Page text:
A U.S. Army general is promising that there will be a decline in casualties from IEDs in Afghanistan by December.
The number of attacks has been up dramatically this year.
But Lt. Gen. Michael Oates told USA Today that better strategies, better equipment and the killing of more insurgents will reduce the threat.
"If those three elements come into play, and I do think they will, my estimate is that we should see a turn down in the IEDs' effectiveness and number sometime six months from now," said Oates, chief of the Joint IED Defeat Organization.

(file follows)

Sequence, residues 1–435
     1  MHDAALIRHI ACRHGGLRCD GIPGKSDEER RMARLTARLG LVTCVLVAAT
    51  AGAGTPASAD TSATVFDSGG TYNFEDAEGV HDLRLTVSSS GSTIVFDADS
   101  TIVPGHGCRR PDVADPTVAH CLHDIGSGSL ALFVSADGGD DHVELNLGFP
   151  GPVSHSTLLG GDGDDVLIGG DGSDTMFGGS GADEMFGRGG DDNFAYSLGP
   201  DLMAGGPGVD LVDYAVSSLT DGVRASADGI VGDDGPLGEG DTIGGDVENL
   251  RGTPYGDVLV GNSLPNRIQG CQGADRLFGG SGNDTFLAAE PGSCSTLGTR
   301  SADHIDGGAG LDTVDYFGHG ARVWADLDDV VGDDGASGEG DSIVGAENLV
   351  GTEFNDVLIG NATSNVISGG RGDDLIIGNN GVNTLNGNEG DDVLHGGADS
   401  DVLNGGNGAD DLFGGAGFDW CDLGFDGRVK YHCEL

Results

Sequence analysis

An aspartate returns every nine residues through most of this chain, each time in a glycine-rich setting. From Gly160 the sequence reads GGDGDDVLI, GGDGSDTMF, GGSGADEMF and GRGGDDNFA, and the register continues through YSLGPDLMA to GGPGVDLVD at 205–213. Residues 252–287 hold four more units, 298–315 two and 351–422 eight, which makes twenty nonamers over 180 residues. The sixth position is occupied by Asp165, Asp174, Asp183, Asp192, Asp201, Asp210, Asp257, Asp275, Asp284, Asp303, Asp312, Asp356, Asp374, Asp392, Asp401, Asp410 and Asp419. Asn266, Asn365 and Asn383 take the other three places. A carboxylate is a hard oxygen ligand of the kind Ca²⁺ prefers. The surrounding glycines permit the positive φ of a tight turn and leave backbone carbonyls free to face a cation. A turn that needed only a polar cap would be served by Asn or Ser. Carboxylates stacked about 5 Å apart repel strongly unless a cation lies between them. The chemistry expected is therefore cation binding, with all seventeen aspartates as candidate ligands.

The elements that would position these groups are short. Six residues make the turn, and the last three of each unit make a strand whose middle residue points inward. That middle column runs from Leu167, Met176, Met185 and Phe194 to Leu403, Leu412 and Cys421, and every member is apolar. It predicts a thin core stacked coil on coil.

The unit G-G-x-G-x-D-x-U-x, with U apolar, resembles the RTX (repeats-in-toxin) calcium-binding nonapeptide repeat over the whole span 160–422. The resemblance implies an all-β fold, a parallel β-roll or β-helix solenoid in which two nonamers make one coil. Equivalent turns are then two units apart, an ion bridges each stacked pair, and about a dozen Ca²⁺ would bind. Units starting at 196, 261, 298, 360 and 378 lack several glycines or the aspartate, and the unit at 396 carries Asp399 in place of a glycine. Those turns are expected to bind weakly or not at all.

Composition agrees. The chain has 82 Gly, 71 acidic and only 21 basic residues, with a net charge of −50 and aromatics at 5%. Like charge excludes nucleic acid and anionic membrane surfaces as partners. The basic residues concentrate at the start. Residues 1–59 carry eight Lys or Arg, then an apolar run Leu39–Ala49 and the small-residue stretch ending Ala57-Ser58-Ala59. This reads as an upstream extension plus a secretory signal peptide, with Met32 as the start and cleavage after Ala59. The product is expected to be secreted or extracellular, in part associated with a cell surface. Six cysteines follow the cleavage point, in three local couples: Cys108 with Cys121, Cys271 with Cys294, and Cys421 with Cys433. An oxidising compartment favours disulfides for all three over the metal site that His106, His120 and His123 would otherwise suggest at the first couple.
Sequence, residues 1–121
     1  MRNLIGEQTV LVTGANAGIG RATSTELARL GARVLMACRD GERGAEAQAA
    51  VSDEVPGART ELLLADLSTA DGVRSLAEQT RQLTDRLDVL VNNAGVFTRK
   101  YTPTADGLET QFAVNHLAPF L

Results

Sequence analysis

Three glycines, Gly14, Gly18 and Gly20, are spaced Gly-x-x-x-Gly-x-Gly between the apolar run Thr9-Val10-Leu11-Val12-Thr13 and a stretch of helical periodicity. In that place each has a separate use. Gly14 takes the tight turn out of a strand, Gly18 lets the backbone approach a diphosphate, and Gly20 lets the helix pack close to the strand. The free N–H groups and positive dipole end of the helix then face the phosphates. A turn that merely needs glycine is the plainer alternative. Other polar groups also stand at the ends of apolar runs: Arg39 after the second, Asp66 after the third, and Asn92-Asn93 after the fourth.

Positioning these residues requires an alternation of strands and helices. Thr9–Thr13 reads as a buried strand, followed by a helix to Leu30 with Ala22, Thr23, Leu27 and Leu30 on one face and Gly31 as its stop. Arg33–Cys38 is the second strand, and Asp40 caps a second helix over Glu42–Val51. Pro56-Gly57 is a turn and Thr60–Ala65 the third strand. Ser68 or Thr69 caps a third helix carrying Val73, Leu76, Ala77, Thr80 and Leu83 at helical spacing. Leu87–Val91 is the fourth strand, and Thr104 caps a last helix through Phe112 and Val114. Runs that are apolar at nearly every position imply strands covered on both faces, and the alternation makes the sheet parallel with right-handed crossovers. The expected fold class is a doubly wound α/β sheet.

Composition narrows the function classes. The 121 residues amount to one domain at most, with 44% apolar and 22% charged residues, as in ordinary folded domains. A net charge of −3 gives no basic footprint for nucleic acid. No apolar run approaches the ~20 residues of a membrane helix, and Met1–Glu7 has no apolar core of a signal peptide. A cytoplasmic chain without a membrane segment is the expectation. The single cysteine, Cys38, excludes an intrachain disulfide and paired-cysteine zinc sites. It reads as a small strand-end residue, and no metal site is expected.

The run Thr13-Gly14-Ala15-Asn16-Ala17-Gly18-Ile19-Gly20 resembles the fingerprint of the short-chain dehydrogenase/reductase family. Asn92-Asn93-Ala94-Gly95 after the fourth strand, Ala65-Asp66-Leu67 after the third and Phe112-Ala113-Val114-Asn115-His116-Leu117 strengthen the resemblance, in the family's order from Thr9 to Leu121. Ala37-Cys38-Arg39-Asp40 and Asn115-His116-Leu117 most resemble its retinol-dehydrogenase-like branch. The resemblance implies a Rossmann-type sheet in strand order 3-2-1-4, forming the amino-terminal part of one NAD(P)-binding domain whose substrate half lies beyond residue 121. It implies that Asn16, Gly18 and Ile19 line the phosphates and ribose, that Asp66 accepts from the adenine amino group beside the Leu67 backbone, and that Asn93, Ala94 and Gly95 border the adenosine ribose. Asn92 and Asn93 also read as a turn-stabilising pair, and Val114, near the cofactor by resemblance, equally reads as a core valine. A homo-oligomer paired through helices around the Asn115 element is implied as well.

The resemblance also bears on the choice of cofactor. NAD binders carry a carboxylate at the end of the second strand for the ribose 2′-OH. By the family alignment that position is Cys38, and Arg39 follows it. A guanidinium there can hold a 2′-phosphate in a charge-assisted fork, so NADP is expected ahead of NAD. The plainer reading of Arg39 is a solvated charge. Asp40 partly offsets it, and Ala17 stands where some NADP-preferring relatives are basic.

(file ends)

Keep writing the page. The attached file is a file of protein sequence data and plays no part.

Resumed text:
Some experts had doubts.
They said that IED attacks would go down but wouldn't mean an end to the war or the end of roadside bombs.
Some military analysts agreed with Oates' prediction but said it wouldn't signal an end to the war, nor the use of roadside bombs. Other weapons would be found.
But the public should keep an eye on what happens to determine how much credence to put in Army claims.